Modern programmers are so accustomed to thinking abstractly that they cannot write a monitoring system other than “we run a set of abstract monitoring scripts for the server, and we don’t care what is inside,” while monitoring each state — disk, memory, CPU, services — in its own way. are unique. Implementing this "abstract", you do the same poorly for each case, and this is what happens: (This is a screenshot from the email from SCOM. Surely done strictly according to the statement of work)

    The great advantage of the new system was that it was agentless, respectively, there were no problems with the installation of the agent, its downfalls - there simply was nothing to fall. The system was simple and reliable as a hammer.

    The next few months I came to work in the morning, stood in front of my brainchild, like an artist in front of a canvas and put a couple of strokes, making it even more perfect. Since I had no deadlines, technical debt was kept to a minimum. At some point, I still forced myself to stop.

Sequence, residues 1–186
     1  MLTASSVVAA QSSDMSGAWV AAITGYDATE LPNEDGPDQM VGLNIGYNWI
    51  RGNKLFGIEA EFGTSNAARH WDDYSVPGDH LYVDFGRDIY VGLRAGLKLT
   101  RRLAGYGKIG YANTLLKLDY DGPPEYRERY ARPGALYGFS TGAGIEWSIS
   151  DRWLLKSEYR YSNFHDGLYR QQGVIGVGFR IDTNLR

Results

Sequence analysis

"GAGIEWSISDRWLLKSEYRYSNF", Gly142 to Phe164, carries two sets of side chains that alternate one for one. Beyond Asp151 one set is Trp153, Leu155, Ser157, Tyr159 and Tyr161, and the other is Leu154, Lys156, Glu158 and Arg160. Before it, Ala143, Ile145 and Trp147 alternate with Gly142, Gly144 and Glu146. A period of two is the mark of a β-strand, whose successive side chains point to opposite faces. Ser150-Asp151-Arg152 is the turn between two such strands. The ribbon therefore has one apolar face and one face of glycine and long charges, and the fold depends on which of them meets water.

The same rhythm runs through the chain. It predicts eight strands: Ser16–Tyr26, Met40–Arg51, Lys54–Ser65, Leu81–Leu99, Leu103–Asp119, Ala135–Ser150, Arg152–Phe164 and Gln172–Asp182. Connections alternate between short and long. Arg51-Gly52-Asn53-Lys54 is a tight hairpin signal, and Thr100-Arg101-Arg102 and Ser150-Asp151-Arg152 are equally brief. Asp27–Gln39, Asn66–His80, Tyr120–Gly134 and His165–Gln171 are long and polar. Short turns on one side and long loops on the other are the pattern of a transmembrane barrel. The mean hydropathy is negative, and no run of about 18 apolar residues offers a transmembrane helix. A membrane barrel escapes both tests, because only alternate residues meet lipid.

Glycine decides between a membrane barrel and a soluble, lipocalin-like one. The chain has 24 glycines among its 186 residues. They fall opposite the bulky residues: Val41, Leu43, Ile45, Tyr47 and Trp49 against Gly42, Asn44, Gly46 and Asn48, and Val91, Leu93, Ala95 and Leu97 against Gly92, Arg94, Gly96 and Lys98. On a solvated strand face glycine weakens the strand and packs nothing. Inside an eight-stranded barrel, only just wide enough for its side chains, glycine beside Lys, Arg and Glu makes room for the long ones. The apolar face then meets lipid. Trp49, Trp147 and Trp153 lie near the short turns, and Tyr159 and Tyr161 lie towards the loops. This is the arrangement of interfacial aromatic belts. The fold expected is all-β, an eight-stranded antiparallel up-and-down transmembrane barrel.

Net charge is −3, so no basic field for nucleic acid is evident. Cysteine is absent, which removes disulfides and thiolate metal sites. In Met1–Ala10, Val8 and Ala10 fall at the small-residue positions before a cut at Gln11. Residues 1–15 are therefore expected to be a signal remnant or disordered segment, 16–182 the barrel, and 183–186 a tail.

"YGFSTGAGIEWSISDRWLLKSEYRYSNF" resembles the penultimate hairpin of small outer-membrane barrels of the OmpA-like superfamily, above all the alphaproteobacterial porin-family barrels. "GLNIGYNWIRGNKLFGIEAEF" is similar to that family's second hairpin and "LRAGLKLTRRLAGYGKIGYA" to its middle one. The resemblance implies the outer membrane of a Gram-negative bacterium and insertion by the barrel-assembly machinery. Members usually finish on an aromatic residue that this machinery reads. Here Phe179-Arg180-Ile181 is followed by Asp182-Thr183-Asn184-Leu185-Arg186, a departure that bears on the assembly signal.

NetIQ was still working, but everyone liked the new type of alerts, and gradually I transferred everyone to alerts from the new system, without turning off, however, the old one. In the meantime, the “meltdown” process has entered its final stage:

    Well, the tale was supposed to end. I myself was surprised that I could have so much fun in a large bureaucratic company. After a month of preparation, I was told that after a week everything, we extinguish NetIQ, we are switching to SCOM. I turned off NetIQ (I confess, I hated him so much that I was very pleased) and waited for SCOM. But at the appointed time he was not. It was not a week later, and a month later.

    SCOM appeared only after six months - someone forgot how many servers we have and how many licenses are needed for SCOM. For six months, so many systems began to depend on my system, which began to lead and inventory, metrics, and much more, that the second quietly remained unofficial. For auditors, there is SCOM, and everything that is really useful is in the second system.

    Sometimes managers at different levels wondered - where did these automated emails go from? Recently, I described a story to them in detail, which I set out in this article, and they laughed merrily. Although it is still sometimes funny to me myself, as in a big bureaucratic company, one can sip many things with “sly”. And it's nice to just pee code, like in the good old days.

    Also popular now: